The question is to evaluate the given limit :

$$\lim_{x \to 3} \frac{x - 3}{\sqrt {x - 2} - \sqrt {4 - x}}$$

When I'm trying to evaluate this I'm getting $1$ as my answer but the answer given in the text is $0$. I'm wondering how can this limit be equal to $0$.

I'm using $x = 3 + h$ (assuming $h$ is approaching zero) and now converting this limit in the form of $h$. Lim (h tends to zero) and substituting $x = 3 + h$.

In this way numerator equals $h$ and now after rationalizing the denominator I will get $2h$ and the numerator will also become $2h$ both of them will cancel each other and the limit will be equal to $1$.

I don't know where I'm going wrong. Please edit if you can for proper reading because I don't know how to edit this in mathematical format.

  • 1
    $\begingroup$ $x+3 \to 6$ as $x \to 3$. Did you mean $x-3$ in the numerator? $\endgroup$ – Henry Mar 8 '16 at 11:15
  • $\begingroup$ @Henry yeah the edited question looks the same. How can this limit be equal to 0. I'm solving it by right approach. $\endgroup$ – Saksham Mar 8 '16 at 11:19
  • $\begingroup$ It must be $x-3$ in numerator. $\endgroup$ – Claude Leibovici Mar 8 '16 at 11:24
  • $\begingroup$ @ClaudeLeibovici yeah changes made. $\endgroup$ – Saksham Mar 8 '16 at 11:26
  • 1
    $\begingroup$ For best results, please learn to format your posts. Formatting tips here. $\endgroup$ – Em. Mar 8 '16 at 11:36

We also have \begin{align*} \lim_{x \to 3} \frac{x - 3}{\sqrt {x - 2} - \sqrt {4 - x}}&=\lim_{x \to 3} \frac{x - 3}{\sqrt {x - 2} - \sqrt {4 - x}}\cdot\frac{\sqrt{x-2}+\sqrt{4-x}}{\sqrt{x-2}+\sqrt{4-x}}\\ &=\lim_{x \to 3}\frac{(x-3)(\sqrt{x-2}+\sqrt{4-x})}{(x-2)-(4-x)}\\ &=\lim_{x \to 3}\frac{(x-3)(\sqrt{x-2}+\sqrt{4-x})}{2x-6}\\ &=\lim_{x \to 3}\frac{(x-3)(\sqrt{x-2}+\sqrt{4-x})}{2(x-3)}\\ &=\lim_{x \to 3}\frac{\sqrt{x-2}+\sqrt{4-x}}{2}\\ &=\frac{\sqrt{3-2}+\sqrt{4-3}}{2}\\ &=\frac{\sqrt{1}+\sqrt{1}}{2}\\ &=\frac{2}{2}\\ &=1. \end{align*}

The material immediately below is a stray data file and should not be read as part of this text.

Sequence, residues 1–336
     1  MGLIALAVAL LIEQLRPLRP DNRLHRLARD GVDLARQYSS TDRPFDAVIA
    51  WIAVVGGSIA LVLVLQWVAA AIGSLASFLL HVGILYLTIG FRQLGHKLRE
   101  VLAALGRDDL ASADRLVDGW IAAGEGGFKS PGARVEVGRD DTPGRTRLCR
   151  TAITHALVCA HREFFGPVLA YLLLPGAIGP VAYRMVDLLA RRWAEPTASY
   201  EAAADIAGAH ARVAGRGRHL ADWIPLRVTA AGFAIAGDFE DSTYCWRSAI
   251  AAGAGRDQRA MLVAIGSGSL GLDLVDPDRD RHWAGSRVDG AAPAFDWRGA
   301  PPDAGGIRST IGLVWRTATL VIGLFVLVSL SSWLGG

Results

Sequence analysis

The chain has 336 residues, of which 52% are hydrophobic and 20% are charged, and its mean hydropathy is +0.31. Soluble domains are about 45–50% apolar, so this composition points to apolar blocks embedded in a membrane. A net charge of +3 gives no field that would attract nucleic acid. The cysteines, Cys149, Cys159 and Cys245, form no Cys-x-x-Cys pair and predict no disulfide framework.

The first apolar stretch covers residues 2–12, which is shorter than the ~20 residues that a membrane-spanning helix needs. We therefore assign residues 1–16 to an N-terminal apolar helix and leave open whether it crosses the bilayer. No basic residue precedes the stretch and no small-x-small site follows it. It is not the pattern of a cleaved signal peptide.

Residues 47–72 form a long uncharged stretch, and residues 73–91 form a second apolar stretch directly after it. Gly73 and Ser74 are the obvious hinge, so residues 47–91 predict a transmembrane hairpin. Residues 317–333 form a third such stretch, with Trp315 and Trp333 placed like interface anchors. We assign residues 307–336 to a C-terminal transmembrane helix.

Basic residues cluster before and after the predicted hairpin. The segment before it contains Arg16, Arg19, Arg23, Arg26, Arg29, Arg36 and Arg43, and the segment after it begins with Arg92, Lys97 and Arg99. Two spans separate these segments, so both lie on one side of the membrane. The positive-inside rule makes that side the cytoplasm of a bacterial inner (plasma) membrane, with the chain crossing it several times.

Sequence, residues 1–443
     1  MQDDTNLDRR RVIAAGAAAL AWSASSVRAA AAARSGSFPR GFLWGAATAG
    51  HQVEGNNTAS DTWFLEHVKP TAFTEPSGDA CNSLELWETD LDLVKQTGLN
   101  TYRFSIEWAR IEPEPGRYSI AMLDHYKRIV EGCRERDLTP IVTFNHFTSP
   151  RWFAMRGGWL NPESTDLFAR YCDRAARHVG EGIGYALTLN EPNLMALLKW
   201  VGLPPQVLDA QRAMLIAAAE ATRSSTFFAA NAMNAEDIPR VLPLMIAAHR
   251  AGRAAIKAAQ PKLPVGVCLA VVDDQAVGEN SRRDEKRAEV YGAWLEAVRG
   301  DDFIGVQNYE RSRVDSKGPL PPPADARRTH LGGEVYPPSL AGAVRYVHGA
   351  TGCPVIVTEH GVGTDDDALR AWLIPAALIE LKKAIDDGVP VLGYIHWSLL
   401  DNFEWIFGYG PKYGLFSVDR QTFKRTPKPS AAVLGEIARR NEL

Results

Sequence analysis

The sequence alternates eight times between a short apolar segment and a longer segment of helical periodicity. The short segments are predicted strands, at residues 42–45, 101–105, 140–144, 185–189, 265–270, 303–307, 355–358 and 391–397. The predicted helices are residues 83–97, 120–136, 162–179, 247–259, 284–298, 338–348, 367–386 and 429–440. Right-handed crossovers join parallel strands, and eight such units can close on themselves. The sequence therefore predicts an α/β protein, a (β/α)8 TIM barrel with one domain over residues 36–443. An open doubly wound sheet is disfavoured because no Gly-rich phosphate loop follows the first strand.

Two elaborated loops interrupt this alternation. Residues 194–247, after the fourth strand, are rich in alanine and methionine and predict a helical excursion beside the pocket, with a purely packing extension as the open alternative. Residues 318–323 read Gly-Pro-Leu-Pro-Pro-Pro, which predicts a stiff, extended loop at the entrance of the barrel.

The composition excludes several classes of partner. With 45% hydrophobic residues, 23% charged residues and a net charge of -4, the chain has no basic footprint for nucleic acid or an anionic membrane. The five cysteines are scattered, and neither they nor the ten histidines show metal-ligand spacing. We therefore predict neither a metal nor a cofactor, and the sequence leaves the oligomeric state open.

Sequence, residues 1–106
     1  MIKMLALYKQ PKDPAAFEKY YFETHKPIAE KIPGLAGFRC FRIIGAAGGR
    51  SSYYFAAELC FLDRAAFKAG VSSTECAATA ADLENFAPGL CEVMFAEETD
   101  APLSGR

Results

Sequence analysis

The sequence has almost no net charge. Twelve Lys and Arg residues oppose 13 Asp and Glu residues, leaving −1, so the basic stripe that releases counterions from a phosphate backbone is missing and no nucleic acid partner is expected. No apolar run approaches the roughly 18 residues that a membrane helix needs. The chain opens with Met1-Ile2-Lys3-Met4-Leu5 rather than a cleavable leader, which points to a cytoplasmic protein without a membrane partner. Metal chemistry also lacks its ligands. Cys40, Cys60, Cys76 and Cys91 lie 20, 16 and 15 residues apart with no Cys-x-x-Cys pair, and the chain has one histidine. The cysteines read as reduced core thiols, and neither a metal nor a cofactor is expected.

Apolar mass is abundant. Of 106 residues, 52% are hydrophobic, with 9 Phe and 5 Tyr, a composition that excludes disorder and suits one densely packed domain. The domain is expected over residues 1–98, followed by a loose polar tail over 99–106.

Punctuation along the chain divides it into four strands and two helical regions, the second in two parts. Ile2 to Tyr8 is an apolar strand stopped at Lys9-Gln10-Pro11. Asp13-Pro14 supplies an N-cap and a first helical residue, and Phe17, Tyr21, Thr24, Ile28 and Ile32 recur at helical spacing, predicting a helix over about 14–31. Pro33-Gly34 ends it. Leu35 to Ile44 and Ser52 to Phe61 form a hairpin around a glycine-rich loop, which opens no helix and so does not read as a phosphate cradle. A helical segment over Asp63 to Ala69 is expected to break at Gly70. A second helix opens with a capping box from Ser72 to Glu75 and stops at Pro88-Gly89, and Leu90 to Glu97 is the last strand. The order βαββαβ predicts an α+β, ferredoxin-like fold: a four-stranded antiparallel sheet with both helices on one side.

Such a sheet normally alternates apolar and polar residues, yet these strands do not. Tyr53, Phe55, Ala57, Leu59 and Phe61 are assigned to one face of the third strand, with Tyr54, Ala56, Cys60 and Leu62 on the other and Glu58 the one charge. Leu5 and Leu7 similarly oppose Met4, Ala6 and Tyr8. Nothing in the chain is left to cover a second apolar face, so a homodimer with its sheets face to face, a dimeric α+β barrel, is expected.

Your working is correct. The answer is one. This is probably one of those cases where the textbook has a typo in it.

$$\lim_{x\to3}\frac{x+3}{\sqrt{x-2}-\sqrt{4-x}}=\lim_{h\to0}\frac{h}{\sqrt{1+h}-\sqrt{1-h}}$$ $$=\lim_{h\to0}\frac{h(\sqrt{1+h}+\sqrt{1-h})}{(\sqrt{1+h}-\sqrt{1-h})(\sqrt{1+h}+\sqrt{1-h})}$$ $$=\lim_{h\to0}\frac{h(\sqrt{1+h}+\sqrt{1-h})}{2h}$$ $$=\lim_{h\to0}\frac{(\sqrt{1+h}+\sqrt{1-h})}{2}$$ $$=\frac{1+1}{2}$$ $$=1$$

  • $\begingroup$ That's exactly how I was solving it. Apart from the question I just want to know how can I write my question in mathematical format like others have written their answers. $\endgroup$ – Saksham Mar 8 '16 at 11:38
  • $\begingroup$ You mean how to type it here at Math.SE? $\endgroup$ – Ian Miller Mar 8 '16 at 11:40
  • $\begingroup$ yeah I don't know how to write that way but now someone has shared a link the comments. $\endgroup$ – Saksham Mar 8 '16 at 11:53

One thing that's wrong is the + sign in the numerator. Most likely it should be a - sign as suggested by @Henry.

If I multiply the numerator and denominator by $\sqrt{x-2}+\sqrt{4-x}$ I get a difference of squares in the new denominator, whose value cancels the $x-3$ factor. Then I do in fact get 1. 0 and 1 are next to each other on a QWERTY board and somebody's finger slipped.

  • $\begingroup$ Yeah it's - in the numerator and I have edited it. $\endgroup$ – Saksham Mar 8 '16 at 11:30

Your Answer

By clicking “Post Your Answer”, you agree to our terms of service, privacy policy and cookie policy

Not the answer you're looking for? Browse other questions tagged or ask your own question.